How Facebook is looking out for your mental health

Social media can sometimes prove invaluable in the way it connects people
Social media can sometimes prove invaluable in the way it connects people

If we are being honest with ourselves, a lot of our Facebook friends aren't people that we know personally.

This means that we sometimes find it hard to reach out to them directly if they are going through depression, anxiety or having suicidal thoughts.

Not knowing them intimately may mean that you may also be nervous about reaching out to them through their private inbox. So how do you help when you see that someone on your timeline is in need. 

In 2011, Facebook announced on their Facebook Safety page, a launch of new tools to help people keep safe while using the social media network. The updated tools would help provide "more resources, advice and support to people who may be struggling with suicidal thoughts and their concerned friends and family members".

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At the time the updated tools were available in the U.S but are now available worldwide with specialised information for those in need.

They have teams all around the world, 24/7 who will review reports. "They prioritise the most serious reports, like self-injury, and send help and resources to those in distress".

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How do you flag a friend who is need?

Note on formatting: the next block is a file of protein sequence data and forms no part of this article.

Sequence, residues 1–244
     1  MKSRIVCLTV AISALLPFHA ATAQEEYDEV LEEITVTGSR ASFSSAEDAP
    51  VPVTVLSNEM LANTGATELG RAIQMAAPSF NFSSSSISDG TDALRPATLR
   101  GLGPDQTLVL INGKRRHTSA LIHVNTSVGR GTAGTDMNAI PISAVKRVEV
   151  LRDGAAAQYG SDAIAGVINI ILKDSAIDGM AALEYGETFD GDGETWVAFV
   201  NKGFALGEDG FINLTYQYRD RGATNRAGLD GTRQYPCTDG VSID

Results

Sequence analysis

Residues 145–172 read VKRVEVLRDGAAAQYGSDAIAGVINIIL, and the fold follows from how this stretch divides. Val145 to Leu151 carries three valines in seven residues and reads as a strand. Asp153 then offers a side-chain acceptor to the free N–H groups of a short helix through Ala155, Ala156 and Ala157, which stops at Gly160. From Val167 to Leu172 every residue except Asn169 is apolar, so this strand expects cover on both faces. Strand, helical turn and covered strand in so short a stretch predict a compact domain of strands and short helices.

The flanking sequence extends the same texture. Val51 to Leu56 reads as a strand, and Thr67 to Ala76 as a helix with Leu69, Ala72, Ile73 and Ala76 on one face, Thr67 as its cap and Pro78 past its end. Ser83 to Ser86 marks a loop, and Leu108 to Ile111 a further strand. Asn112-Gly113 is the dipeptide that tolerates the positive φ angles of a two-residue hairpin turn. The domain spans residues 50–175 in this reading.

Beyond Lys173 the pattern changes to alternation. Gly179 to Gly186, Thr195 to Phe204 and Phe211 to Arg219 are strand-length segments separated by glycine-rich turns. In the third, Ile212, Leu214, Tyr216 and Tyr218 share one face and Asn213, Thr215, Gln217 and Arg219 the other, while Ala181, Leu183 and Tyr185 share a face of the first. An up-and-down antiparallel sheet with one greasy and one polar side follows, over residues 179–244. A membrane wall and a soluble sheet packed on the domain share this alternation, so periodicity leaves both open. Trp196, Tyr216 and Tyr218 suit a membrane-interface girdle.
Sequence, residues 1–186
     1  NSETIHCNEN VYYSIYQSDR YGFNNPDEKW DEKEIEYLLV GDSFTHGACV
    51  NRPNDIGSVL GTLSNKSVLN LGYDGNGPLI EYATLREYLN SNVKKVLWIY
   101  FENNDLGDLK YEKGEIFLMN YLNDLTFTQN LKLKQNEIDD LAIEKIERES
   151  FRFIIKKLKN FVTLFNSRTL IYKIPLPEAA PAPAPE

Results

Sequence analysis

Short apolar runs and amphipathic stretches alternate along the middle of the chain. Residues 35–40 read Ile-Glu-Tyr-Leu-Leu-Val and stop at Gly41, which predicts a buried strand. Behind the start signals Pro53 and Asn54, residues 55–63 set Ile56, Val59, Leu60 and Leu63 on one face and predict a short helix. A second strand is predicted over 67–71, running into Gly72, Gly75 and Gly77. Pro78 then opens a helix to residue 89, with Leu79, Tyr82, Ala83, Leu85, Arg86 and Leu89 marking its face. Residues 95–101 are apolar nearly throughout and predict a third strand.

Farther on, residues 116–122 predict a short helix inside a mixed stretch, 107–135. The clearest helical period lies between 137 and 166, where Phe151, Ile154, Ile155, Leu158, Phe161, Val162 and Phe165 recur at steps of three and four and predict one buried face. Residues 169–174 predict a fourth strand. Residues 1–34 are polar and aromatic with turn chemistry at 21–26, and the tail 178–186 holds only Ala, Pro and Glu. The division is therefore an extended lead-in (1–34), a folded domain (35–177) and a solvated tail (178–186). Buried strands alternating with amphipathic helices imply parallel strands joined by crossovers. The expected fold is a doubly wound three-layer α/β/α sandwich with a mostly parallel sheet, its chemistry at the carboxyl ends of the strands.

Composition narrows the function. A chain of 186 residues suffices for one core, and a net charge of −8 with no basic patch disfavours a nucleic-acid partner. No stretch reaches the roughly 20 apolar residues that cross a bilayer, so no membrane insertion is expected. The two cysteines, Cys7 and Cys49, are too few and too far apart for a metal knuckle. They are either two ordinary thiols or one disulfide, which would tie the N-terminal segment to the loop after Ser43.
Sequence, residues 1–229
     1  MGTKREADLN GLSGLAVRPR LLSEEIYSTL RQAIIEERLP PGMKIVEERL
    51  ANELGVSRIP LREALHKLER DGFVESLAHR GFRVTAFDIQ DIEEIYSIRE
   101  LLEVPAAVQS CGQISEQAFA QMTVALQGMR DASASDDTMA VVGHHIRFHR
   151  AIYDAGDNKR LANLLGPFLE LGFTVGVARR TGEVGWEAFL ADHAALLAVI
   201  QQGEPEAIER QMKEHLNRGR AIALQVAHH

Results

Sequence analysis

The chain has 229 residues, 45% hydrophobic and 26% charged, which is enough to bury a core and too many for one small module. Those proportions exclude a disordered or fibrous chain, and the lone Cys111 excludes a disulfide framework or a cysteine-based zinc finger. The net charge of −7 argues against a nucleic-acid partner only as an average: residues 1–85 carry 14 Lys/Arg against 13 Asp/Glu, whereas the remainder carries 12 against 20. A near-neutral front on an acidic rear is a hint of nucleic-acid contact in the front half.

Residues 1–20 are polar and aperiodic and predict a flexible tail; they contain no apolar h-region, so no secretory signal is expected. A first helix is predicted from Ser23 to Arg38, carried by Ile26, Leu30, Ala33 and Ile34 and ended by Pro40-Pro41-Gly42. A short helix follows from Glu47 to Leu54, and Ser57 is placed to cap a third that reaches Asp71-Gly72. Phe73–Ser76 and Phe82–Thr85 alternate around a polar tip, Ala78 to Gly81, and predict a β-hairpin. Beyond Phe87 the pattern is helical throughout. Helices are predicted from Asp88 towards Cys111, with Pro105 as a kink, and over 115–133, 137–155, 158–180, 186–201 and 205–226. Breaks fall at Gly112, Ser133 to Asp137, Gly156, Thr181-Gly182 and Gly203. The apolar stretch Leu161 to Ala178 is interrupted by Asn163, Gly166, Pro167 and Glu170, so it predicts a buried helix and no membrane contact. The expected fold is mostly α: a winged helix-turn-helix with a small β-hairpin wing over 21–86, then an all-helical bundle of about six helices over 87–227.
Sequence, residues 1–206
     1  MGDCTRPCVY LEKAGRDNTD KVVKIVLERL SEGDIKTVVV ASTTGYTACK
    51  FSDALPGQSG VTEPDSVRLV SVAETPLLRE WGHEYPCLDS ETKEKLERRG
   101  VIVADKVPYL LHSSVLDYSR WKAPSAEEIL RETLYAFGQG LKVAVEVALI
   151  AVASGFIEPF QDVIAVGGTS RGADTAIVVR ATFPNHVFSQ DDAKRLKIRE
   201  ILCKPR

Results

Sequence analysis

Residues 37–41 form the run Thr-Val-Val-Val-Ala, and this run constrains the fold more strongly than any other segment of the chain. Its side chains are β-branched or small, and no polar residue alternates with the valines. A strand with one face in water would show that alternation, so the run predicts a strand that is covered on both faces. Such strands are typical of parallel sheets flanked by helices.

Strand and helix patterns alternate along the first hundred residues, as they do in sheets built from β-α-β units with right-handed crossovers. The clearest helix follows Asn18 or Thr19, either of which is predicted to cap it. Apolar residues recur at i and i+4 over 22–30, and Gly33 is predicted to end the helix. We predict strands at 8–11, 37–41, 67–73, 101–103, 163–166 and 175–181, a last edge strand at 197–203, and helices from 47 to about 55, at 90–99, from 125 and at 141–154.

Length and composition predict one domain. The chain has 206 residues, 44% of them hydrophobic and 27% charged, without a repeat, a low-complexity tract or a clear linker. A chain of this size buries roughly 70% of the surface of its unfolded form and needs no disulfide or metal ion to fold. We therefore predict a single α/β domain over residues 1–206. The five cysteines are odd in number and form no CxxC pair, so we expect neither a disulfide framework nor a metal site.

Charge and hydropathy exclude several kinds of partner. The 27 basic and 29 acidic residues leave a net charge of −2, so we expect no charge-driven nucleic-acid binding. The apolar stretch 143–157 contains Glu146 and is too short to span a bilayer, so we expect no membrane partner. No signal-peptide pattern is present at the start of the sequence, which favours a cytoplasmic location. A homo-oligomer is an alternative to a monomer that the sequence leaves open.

You can flag a friend who is need of help by going on the Facebook Report Suicidal Content page. You'll be asked to enter the person's full Facebook name and surname as well their Facebook URL. You will also need to enter the link to the specific post. There is an option to send Facebook a screenshot of the post. You can also send them additional notes about your friend if you think that it may help them get the help they need. 

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You can also visit the Facebook Safety Resources that provides information on how to help a friend if they identify as LGBT and may be suffering from suicidal thoughts for example. 

Remember to report instances to close family members and friends and if your Facebook friend is in imminent danger contact the police immediately. 

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